Not Your Mother's Slow Cooker Cookbook by Beth Hensperger and Julie Kaufmann. Yeah, it's kind of a corny name, but if there is one absolute essential item for a grad student kitchen (beyond a sharp knife and a wooden spoon), it's a Crock-Pot. Your grad student is going to have days when she is buried under a pile of eighteenth-century manuscripts or page-long string citations or is at the theater until all hours of the night, and it will be a godsend to come home to a ready-made dinner. This cookbook covers it all, from breakfast to soups to big chunks of animal protein to dessert.


Honorable Mentions:

The Produce Bible by Leanne Kitchen. Jessica's mom got me this as a birthday present and I need to cook from it more often. It's more educational than cookbook-ey, but it's got some great recipes I've been eyeballing. I made a ridiculously tasty Carrot and Winter Squash Risotto from here not long ago.

This Organic Life by Joan Dye Gussow and Animal, Vegetable, Miracle by Barbara Kingsolver. These two go together because they are both part-memoir, part-gardening how-to manual, part-meditation on industrial agriculture, part-cookbook. Gussow's narrative interweaves with her renovation of an old house and her husband's death, while Kingsolver details her family's year in eating only from their own land, turkey slaughters and all. They're both great reads with innovative recipes. In particular, I like Gussow's Eggplant Bhurta and have made Kingsolver's Sweet Potato Salad and variations thereon more times than I can count.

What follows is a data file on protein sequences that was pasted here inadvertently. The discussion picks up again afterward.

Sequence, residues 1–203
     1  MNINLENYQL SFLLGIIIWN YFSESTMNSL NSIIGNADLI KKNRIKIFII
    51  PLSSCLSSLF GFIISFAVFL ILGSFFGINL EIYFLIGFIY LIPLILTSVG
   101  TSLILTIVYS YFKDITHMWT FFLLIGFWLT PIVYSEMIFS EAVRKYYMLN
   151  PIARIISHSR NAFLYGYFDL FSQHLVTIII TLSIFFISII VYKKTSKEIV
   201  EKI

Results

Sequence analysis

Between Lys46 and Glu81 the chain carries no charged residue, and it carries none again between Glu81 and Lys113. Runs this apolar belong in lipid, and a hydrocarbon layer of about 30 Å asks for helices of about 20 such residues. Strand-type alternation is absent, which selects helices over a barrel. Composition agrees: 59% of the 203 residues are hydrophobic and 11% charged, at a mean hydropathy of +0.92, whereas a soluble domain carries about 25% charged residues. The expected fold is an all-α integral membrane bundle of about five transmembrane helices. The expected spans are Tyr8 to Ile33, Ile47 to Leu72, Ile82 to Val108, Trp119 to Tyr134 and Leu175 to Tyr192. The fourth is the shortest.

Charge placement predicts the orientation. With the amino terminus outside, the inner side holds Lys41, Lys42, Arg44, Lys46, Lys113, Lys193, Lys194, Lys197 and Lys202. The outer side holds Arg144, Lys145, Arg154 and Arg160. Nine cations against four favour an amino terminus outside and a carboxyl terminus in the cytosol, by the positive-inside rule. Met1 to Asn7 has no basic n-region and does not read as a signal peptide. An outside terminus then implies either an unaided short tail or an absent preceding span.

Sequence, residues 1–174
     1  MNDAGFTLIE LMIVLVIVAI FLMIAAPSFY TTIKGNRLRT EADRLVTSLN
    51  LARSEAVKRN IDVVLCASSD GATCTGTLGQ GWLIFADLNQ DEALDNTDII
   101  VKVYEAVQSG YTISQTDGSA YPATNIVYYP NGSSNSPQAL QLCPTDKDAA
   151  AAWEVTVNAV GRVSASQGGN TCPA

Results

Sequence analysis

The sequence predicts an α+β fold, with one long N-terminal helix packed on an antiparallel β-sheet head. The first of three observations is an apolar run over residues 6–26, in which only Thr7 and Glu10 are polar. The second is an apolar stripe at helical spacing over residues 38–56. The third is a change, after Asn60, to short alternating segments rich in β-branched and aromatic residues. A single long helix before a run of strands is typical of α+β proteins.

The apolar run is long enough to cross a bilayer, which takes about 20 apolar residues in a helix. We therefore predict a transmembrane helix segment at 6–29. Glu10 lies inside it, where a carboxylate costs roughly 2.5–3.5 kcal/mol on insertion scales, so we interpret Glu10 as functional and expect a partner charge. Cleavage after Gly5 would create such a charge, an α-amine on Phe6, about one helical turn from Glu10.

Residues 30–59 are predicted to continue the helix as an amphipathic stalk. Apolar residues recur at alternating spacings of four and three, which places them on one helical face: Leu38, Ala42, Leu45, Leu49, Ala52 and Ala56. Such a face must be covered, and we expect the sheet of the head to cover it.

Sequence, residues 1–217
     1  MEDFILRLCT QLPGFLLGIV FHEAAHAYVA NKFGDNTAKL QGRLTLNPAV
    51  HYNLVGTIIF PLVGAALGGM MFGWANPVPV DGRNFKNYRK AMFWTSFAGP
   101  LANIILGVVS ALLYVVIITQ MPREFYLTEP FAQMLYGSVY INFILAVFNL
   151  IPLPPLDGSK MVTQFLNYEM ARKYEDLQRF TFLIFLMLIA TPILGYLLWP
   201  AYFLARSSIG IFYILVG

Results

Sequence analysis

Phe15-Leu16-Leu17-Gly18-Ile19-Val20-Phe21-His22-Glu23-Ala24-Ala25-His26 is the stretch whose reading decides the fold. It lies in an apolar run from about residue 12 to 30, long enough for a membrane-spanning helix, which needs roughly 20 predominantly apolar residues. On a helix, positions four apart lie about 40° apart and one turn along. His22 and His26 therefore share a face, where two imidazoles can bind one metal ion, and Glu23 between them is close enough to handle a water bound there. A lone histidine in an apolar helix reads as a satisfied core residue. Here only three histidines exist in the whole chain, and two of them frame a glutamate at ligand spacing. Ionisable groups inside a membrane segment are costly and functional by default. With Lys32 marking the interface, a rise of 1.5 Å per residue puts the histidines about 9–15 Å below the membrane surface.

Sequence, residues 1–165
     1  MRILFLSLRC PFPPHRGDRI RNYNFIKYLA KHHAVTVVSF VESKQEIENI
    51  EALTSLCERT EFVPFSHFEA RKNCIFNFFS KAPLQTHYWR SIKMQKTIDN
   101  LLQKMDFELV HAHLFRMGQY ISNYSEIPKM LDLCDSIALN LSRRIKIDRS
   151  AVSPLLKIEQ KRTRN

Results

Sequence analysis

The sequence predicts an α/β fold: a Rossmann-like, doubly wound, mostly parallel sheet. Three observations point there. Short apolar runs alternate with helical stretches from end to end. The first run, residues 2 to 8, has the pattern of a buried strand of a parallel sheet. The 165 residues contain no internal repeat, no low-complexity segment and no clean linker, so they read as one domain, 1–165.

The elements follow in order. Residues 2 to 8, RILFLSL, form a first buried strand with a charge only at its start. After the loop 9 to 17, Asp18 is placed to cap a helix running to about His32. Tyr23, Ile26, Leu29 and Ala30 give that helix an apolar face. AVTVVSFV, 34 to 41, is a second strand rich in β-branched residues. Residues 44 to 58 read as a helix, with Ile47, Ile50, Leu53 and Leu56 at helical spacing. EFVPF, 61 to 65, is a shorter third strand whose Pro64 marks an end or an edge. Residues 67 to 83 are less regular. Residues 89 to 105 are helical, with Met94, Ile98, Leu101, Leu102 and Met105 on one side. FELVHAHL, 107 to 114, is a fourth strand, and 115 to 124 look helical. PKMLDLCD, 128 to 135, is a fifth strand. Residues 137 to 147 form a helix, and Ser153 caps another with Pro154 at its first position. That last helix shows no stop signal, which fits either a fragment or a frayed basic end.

The Pleasures of Cooking for One by Judith Jones. Though Jones writes as someone who's seen her household empty out, a grad student would probably still appreciate this cookbook for its respectful treatment of solitary cooking. When it is time to cook something nice for yourself? All the time. Life's too short to eat crap. Her Potato Dish for Julia (as in Child) is simple and amazing.

The green cookbook in the middle, Treasured Recipes from Near and Far, is one of our Mennonite cookbooks. Most of the contributors were farm women of a certain age, so there are all kinds of gems that include Coca-Cola products, Karo syrup, and crushed Cornflakes. The only recipe worth mentioning, however, is my grandmother's, which gets its own photo:
















In other news, I'm home in Florida for the holidays and am happily running to and fro in a tank top, short-shorts, and flip-flops. Lord knows I love Memphis, but I was born here. Today I drank coffee and watched these guys on the homestead:
















Also, 'tis the season: beers my mother got at a company gift swap and doesn't want.
















From left, a Southern Tier Old Man Winter, a Smuttynose Winter Ale, a Heavy Seas Winter Storm Category 5 Ale, a Flying Fish Grand Cru Winter Reserve, and Lost Coast Winterbraun. I haven't tried any of these, so I'm pretty excited. Has anyone had one of these beers?

2 comments:

  1. They are beers your mother specifically chose in the Gift swap for her daughter to share with her father! Sorry honey..beer is just not cup of tea....but it's good to cook with.

    ReplyDelete
  2. Do you prefer Pepsi or Coke?
    ANSWER THE POLL and you could get a prepaid VISA gift card!

    ReplyDelete